Example: Divide 125.46 ÷ 20.5.

Note that this may be written as either or . Eliminating the decimals in the denominator of the fraction form, we obtain

.

So, in the standard division form, we would have

or .

Note that we multiplied the divisor and dividend both by the same value 10. When completing the division be very careful with the place value in the quotient.

We only need to get the divisor in the form of a whole number. It is easy enough to work with a decimal in the number being divided as long as we are dividing by a whole number.

However, we would still get the correct answer if we multiplied both the divisor (denominator) and dividend (numerator) by a value that would make both the divisor and the dividend a whole number. For example, in the previous problem we could have multiplied by both the divisor and dividend by 100 and then the entire problem would have become a whole number problem, but it would have exactly the same answer as before.

Example: We redo the previous example, 125.46 ÷ 20.5.

Eliminating the decimals in the fraction form, we obtain .

So, in the standard division form, we would have

or

Note that we multiplied the divisor and dividend both by the same value 100. When completing the division be very careful with the place value in the quotient.

Notice that this second method of eliminating all the decimal points may make the divisor much larger, which often leads to a greater chance of an error. That is why it is best to use the standard algorithm of making just the divisor a whole number.

A meat market has 38.25 pounds of hamburger to be wrapped into 2.25 pound packages. How many packages of meat can they wrap?

Solution

Several methods are used for **rounding** a number to a selected decimal position. One method is called **truncation***.* A decimal is said to be **truncated**, when only the front few decimal places are used, i.e. all digits after a selected place value are dropped. A second method is **rounding to the nearest selected place-value**. A third method is to **round up** to a selected place value.

Examples: Consider the repeating decimal fraction 0.6666… where the selected position is the hundredths.

The rounded value using **truncation** would be 0.66.

The rounded value to the **nearest hundredth** is 0.67.

The rounded value using **round up** would be 0.67.

The **type of rounding** to be used and the **position to round to** should be determined by the application problem being solved.

Examples: Consider the following three problems.

A wagon has a maximum capacity of 119 pounds. How many 12 pound bricks can be loaded into the wagon?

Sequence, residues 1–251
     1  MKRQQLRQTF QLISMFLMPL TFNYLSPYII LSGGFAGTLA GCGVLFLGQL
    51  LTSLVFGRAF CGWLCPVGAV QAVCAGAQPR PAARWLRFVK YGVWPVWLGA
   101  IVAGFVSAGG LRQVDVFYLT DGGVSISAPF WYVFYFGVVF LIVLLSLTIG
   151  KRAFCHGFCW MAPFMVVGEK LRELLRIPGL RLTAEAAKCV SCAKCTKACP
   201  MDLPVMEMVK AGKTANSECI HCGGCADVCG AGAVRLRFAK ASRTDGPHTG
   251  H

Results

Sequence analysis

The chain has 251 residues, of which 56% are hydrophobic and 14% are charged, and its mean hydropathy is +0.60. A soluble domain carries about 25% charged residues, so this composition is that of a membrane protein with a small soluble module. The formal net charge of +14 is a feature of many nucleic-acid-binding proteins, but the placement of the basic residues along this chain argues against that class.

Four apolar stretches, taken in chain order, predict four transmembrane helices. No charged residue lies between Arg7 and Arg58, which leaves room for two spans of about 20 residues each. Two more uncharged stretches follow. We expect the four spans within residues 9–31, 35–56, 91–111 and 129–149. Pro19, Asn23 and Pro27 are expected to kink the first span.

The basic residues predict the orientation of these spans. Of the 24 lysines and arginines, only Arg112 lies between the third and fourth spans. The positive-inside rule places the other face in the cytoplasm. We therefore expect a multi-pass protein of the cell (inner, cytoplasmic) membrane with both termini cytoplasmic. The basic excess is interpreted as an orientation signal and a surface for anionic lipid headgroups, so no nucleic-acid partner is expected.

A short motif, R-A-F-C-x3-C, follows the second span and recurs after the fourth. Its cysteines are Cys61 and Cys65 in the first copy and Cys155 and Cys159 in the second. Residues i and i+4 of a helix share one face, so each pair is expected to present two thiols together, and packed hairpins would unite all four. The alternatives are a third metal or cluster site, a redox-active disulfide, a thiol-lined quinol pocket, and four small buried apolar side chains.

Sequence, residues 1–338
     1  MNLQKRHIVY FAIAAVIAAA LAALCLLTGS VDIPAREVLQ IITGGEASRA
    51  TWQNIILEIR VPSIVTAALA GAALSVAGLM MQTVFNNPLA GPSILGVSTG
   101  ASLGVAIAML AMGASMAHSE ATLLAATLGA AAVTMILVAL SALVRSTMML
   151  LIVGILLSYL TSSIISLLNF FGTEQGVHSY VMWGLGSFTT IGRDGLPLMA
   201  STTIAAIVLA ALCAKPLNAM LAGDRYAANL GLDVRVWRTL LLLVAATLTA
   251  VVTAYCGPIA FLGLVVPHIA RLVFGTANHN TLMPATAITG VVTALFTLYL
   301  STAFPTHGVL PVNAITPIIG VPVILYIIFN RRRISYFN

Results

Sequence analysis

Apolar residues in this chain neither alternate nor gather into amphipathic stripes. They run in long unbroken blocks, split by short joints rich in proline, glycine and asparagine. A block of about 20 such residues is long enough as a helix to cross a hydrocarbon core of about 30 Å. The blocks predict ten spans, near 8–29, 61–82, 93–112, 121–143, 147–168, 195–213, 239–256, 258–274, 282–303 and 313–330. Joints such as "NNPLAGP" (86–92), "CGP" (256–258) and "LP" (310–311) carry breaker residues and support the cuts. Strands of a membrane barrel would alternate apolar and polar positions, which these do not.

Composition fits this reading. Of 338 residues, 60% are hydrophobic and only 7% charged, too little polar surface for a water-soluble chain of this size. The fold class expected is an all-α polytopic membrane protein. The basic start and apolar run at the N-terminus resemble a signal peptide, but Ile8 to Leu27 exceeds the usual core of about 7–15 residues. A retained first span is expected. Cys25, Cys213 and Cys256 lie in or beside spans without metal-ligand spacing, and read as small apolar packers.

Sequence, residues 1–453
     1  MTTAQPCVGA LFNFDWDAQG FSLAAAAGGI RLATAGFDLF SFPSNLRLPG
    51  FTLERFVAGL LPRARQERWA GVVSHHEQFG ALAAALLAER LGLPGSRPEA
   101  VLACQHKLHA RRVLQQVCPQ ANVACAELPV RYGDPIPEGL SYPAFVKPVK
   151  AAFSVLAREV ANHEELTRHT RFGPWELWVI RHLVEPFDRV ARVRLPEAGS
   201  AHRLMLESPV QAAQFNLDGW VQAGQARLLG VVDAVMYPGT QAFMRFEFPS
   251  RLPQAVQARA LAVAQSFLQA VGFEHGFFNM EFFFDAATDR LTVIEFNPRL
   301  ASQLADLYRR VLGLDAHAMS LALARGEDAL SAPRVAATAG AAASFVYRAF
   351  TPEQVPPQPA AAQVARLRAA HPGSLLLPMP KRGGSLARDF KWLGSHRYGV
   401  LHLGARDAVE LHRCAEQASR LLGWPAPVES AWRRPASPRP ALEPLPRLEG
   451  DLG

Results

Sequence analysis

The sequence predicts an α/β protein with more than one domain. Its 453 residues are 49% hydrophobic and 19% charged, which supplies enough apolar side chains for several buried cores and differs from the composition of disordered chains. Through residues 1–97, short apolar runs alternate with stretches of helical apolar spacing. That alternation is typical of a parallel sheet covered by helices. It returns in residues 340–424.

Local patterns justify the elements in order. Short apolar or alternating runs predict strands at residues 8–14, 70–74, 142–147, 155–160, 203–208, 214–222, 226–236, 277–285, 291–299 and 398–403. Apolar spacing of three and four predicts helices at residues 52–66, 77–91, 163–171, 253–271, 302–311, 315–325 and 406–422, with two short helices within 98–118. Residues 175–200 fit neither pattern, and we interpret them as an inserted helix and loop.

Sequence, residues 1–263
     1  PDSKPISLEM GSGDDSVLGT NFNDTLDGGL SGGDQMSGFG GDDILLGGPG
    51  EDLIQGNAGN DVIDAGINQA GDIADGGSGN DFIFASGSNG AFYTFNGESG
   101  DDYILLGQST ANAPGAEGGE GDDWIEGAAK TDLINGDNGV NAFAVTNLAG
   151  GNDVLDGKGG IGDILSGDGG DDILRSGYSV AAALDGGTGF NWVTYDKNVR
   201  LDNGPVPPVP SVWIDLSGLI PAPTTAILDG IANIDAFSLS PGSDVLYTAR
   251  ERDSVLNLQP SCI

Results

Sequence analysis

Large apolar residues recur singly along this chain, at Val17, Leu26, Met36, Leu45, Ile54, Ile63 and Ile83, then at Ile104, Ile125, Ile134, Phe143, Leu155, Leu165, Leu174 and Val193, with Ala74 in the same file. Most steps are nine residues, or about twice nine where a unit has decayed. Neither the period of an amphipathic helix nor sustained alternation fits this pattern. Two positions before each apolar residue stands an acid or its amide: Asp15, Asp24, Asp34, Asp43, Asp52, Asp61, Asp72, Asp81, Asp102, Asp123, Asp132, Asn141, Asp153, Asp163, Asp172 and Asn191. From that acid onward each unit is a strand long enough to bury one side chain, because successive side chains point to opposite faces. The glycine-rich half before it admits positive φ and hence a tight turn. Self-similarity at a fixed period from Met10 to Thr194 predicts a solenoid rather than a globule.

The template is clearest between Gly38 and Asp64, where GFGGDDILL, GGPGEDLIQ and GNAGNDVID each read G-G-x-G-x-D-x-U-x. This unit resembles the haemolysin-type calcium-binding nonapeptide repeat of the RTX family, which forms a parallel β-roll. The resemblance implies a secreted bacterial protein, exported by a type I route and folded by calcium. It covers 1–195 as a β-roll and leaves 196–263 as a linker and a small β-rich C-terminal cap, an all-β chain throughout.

119 ÷ 12 = 9.916666… Since adding too much weight could break the wagon, we would **truncate**. So, the solution is 9 bricks.

What is the mean amount earned by 12 students who earned a total of $119?

119 ÷ 12 = 9.916666… We would probably round this to the **nearest cent** since we are finding the mean. So, the solution is $9.92.

How many ceramic tile are needed for a 121 inch frieze if each tile measures 12 inches by 12 inches?

121 ÷ 12 = 10.083333… Since we would want to purchase enough tile to complete the frieze pattern, we would need to **round up**. So, the solution is 11 tiles.

Calculators either **round to the nearest** or **truncate** because they can only display so many decimal places on the screen. You would either need to read the instruction manual or test with a sample problem the method used by any particular calculator. Students are often not aware that the value seen on the display is not the actual value, but is a rounded approximation.

Students often want to get around the difficulty presented by repeating decimals (and very long strings of decimal digits) by using just a few decimal places by rounding the decimal. Often this gives a very close approximation for the actual arithmetic answer. But it is important to label the solution as an approximation. **DO NOT USE AN EQUALS SIGN when you have rounded or truncated a decimal value in arithmetic.**

Also, there are some cases in which rounding or truncating will result in a large difference in the answers to the arithmetic. For instance, what is the difference between earning 5.5% interest on $80,000 over 30 years and earning 5.51% interest on $80,000 over 30 years? Each of these percentage rates rounds to 5.5%, but the difference in what you receive at the end of 30 years is $1135.34, which means the extra 0.1% is quite a bit more money.

**Unhappy father to daughter who has come home at 3:00 a.m.**

**Father: "I told you to be home by a quarter of twelve!"**

**Daughter: "But I learned in math class that a one-fourth of twelve is three."**